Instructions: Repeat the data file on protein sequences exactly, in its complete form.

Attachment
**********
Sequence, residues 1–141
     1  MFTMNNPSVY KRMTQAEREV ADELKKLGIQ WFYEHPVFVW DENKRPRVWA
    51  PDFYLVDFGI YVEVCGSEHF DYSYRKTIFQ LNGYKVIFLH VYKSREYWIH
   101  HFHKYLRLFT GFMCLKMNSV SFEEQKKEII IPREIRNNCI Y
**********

Sequence, residues 1–141
     1  MFTMNNPSVY KRMTQAEREV ADELKKLGIQ WFYEHPVFVW DENKRPRVWA
    51  PDFYLVDFGI YVEVCGSEHF DYSYRKTIFQ LNGYKVIFLH VYKSREYWIH
   101  HFHKYLRLFT GFMCLKMNSV SFEEQKKEII IPREIRNNCI Y